Margaret Atwood’s concern in The Edible Woman, as in her most famous novel Surfacing (1972) and in The Handmaid’s Tale (1986), is the problem of the woman who is unable to accept the roles provided for her by a male-dominated society. Marian is not consciously a rebel, nor does she think of herself as abnormal in her hopes and expectations. Her job, her way of living, and her friends are all ordinary. She has no conscious belief that her experiences and her college education had prepared her for something more in life, and she does not find Peter in any way objectionable. If he can be demanding, he is also reliable, potentially successful, everything which she thinks she ought to want. Marian is, however, unable to take the next logical step in the life for which society has prepared her. Her inability to eat is the result of her inability, literally, to stomach the kind of life her family and friends expect her to live.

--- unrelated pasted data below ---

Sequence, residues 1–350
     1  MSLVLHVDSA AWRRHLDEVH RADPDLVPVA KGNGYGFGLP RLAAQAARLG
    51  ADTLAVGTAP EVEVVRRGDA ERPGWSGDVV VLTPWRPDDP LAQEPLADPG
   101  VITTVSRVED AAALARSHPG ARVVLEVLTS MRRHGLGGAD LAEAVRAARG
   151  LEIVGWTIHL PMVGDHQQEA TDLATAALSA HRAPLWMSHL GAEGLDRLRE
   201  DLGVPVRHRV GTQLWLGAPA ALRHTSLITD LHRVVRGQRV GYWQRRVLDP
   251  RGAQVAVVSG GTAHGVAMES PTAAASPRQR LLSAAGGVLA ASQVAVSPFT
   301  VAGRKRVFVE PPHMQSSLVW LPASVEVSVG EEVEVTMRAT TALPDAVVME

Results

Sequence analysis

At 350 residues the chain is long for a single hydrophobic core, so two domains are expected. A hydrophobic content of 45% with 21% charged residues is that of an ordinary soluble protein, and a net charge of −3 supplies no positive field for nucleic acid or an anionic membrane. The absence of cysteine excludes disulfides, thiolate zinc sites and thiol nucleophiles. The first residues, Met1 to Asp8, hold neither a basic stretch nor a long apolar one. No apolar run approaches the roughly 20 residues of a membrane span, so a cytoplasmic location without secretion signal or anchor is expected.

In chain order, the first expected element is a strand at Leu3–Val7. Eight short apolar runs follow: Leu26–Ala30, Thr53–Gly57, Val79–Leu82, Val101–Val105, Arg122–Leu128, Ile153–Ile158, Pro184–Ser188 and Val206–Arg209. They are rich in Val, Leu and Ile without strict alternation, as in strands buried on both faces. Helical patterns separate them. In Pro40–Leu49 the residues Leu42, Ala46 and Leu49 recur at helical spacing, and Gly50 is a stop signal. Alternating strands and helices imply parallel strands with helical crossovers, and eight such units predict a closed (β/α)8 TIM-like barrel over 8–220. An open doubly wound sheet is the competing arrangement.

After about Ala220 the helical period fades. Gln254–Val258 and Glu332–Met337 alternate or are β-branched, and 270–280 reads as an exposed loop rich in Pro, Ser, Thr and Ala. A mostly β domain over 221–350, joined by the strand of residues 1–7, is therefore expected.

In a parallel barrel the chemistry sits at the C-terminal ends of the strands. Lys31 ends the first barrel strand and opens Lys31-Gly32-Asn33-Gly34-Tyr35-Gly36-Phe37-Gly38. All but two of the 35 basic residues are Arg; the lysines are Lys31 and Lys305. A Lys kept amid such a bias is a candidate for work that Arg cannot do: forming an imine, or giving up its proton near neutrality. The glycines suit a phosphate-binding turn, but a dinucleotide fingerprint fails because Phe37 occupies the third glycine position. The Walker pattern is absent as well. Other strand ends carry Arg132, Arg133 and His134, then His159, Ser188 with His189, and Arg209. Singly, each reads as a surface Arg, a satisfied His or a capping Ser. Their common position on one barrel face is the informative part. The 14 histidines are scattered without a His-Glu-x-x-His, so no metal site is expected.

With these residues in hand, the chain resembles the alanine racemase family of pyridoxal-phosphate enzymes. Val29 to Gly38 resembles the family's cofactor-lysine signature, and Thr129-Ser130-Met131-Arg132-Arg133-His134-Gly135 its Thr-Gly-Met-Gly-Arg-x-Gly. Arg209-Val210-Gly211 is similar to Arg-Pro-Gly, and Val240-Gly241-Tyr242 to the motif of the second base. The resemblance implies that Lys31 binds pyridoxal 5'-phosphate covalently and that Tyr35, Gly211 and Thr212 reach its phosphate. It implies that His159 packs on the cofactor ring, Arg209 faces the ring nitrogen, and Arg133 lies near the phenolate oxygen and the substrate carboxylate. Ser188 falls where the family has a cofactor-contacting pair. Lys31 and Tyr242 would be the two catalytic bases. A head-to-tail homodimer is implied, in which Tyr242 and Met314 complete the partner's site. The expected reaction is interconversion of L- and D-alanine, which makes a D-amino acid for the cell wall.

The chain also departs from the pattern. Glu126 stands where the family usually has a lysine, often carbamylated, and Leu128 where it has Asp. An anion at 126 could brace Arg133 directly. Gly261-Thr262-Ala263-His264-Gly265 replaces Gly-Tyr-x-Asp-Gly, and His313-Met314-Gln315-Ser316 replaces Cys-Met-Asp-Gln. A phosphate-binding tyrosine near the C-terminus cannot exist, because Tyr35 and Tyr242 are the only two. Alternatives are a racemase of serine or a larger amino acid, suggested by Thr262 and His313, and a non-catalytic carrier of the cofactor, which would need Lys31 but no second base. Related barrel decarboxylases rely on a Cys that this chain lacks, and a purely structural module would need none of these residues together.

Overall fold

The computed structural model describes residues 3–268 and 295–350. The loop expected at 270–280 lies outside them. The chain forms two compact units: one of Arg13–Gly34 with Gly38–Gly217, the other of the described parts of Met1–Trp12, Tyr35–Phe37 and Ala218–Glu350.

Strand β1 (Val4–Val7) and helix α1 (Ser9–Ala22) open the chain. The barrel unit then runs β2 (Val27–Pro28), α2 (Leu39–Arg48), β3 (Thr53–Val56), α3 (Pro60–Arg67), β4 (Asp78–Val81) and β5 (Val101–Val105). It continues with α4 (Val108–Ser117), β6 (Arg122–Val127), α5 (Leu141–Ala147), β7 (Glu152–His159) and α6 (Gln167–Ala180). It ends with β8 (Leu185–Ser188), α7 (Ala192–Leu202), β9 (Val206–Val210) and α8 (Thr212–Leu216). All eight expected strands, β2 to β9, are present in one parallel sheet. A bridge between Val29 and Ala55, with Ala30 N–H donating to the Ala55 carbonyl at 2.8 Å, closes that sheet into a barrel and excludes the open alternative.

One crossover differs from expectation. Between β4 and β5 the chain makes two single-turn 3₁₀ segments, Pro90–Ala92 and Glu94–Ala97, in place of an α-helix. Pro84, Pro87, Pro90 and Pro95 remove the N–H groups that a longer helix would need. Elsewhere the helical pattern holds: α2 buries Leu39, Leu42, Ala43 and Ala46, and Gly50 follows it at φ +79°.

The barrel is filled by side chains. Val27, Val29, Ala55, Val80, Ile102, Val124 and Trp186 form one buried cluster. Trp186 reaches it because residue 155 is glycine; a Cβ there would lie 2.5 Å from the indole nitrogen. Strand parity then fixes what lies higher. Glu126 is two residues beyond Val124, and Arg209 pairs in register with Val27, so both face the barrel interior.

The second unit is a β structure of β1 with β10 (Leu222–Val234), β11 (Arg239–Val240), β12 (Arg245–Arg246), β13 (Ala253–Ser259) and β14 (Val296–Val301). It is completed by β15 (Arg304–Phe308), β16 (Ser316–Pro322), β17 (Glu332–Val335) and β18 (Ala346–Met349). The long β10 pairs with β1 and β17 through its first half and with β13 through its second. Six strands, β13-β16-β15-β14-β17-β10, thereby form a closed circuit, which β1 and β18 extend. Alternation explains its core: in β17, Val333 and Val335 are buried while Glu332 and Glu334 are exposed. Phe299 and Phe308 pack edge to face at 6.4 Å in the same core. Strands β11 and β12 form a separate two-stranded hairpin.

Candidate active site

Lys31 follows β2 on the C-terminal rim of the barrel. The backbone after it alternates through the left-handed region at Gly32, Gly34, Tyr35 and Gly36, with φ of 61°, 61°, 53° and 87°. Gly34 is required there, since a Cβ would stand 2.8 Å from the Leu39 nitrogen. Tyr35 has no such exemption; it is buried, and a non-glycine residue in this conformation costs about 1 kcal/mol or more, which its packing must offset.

Atwood does not provide alternative possibilities. At the end of the novel, there is no suggestion of what Marian will do next or what kind of life she may begin to lead. The important question for Atwood is always whether her protagonists can assert their individuality and begin the process of discovering who they are. The Edible Woman is more rooted in the processes of everyday living and less allegorical than is Surfacing, but the central concern is the same: Will the protagonist allow her job, her family, and her friends to dictate what she will be?
Atwood is pessimistic about social change. Nothing in her novels suggests that society is recognizing the need of women for self-realization, although her novels are clear demands for such change. At the same time, her protagonist does come to an intuitive understanding of herself and of her own needs. Marian MacAlpin survives her trials, and the novel concludes with her assertion of her own personality.